Is Roseville Pottery Still Made? And Where Can You Buy It?

Published:

Last Updated:

Roseville pottery vase

Affiliate Disclaimer

As an affiliate, we may earn a commission from qualifying purchases. We get commissions for purchases made through links on this website from Amazon and other third parties.

The Roseville Pottery Company was well known for consistently producing high-quality pottery with unique patterns and styles. The operations began in the 1890s, whereby it was small-scale, and the company gradually expanded its dealings to a widely recognizable level. But is Roseville pottery still made?

Roseville was founded in 1890 and the original pottery produced a prolific range of lines until 1954 when it unfortunately closed.  However, the Roseville brand had a change in fortune in 2017 when production began again.  This followed its purchase by antique specialists, The Kings Fortune.  

Roseville pottery pitcher
Roseville pottery pitcher

The History of Roseville Pottery

The Roseville Pottery company was founded in 1890, in Roseville, Ohio.  It was originally established by J. F. Weaver who is said to have been an enthusiastic supporter of the Art Pottery Movement in America.

The Arts and Crafts movement began in England around 1860.  It was a response to concerns about the impact of industrialization.  Around that time there was a growing awareness that mass production was having a negative impact on workers.  It was also recognized that the quality of the objects being mass-produced by machines was in decline.

The Arts and crafts movement was heavily influenced by the ideas of William Morris and John Ruskin.  Both of these artists encouraged a revival of artisan crafts being produced in a village-type community.  The aim was to reskill artisans and return to a period in which quality ware was made by creative workers.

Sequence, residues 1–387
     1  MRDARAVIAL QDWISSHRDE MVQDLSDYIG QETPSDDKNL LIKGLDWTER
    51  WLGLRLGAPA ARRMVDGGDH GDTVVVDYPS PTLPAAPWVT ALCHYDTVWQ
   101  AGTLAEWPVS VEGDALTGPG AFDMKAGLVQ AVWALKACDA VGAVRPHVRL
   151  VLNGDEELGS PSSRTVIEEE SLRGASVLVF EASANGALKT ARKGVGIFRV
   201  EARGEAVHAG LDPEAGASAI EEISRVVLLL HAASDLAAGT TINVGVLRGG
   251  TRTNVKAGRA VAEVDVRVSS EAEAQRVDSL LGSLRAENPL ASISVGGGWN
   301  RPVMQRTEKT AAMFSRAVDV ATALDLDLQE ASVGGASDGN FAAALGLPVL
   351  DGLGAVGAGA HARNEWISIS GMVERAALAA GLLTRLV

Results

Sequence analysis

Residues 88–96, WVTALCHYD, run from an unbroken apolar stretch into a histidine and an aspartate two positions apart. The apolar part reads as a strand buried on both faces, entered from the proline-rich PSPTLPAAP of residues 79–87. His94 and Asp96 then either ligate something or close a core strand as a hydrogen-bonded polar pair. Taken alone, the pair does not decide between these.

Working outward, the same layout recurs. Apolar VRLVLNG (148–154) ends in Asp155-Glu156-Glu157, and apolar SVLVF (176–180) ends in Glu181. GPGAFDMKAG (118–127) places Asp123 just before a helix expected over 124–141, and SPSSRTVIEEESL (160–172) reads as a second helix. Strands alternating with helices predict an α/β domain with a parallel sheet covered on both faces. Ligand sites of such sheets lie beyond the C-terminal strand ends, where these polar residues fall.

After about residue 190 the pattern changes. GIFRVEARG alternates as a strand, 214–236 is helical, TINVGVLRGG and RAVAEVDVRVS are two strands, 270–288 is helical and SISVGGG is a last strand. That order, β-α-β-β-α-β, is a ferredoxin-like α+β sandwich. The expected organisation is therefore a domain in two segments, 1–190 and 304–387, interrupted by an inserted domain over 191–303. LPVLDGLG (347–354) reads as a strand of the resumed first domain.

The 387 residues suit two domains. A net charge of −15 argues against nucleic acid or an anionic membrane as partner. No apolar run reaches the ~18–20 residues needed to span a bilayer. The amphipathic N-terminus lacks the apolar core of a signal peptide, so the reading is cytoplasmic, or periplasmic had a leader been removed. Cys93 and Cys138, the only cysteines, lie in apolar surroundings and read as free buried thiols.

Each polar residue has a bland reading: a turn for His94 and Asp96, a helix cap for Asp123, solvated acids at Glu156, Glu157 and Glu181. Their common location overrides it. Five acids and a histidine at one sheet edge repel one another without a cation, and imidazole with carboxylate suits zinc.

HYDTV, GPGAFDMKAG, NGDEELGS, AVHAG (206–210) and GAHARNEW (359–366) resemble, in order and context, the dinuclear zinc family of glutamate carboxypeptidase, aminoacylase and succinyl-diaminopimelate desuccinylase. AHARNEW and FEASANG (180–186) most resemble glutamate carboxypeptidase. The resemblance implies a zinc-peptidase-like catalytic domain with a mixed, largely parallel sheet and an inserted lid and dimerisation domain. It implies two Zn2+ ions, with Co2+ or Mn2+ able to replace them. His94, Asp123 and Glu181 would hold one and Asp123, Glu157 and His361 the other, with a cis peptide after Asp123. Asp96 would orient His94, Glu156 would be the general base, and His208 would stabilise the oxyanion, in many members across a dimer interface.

A similar movement was taking place in the US and is referred to as the Art Pottery Movement.  The emergence of the Roseville Pottery was part of this shift in values and production happening at the time. 

The Journey of the Roseville Brand

The Roseville Pottery company grew quickly, taking over several other local potteries as they expanded.  In 1898, they relocated to Zanesville, Ohio, and continued to employ local workers in four plants that operated as potteries.

Since its inception, Roseville pottery produced a huge range of patterns and lines.  The pottery is made out of stoneware, rather than earthenware, giving it strength and durability.  The company has had several famous art directors over the years, who have introduced sought-after lines of Roseville pottery. 

One example is Frederick Hurten Rhead, a ceramic artist born and Staffordshire in the UK.  Rhead moved to the US in 1902 and had a number of influential positions in a range of potteries (source).

This included a stint at Roseville between 1904 and 1909, where he is responsible for introducing a range of Roseville pottery lines.  These include the Della Robbia Line.

Another influential art director was Frank Ferrell.  Ferrell was a ceramic artist native to Zanesville, and he became the art director at Roseville pottery in 1918.  Under Ferrell’s directorship, Roseville produced around 90 further pottery lines (source).

These ranges include most famously, the Sunflower, Pinecone, and Blackberry lines.

Ferrell remained in position until the plant closed in 1954.  Unfortunately, the original Roseville pottery ceased trading at this point for a number of reasons.  Let’s take a look at those now…

Reasons Why The Roseville Pottery Initially Closed

There are a couple of key factors that led to the cessation of its production in 1953:

Cheaper Imports

One of the reasons the Roseville company ceased making pottery was the influx of cheaper pieces from Japan. People opted for the more affordable Japanese pottery, decreasing the sales of many American pottery companies.

Although Roseville produced high-quality pieces in unique designs, the imported pieces claimed a huge chunk of their customer base. As a result, the company struggled to stay afloat. This was the main reason for the closure of the company and the temporary cessation of the production of Roseville pottery.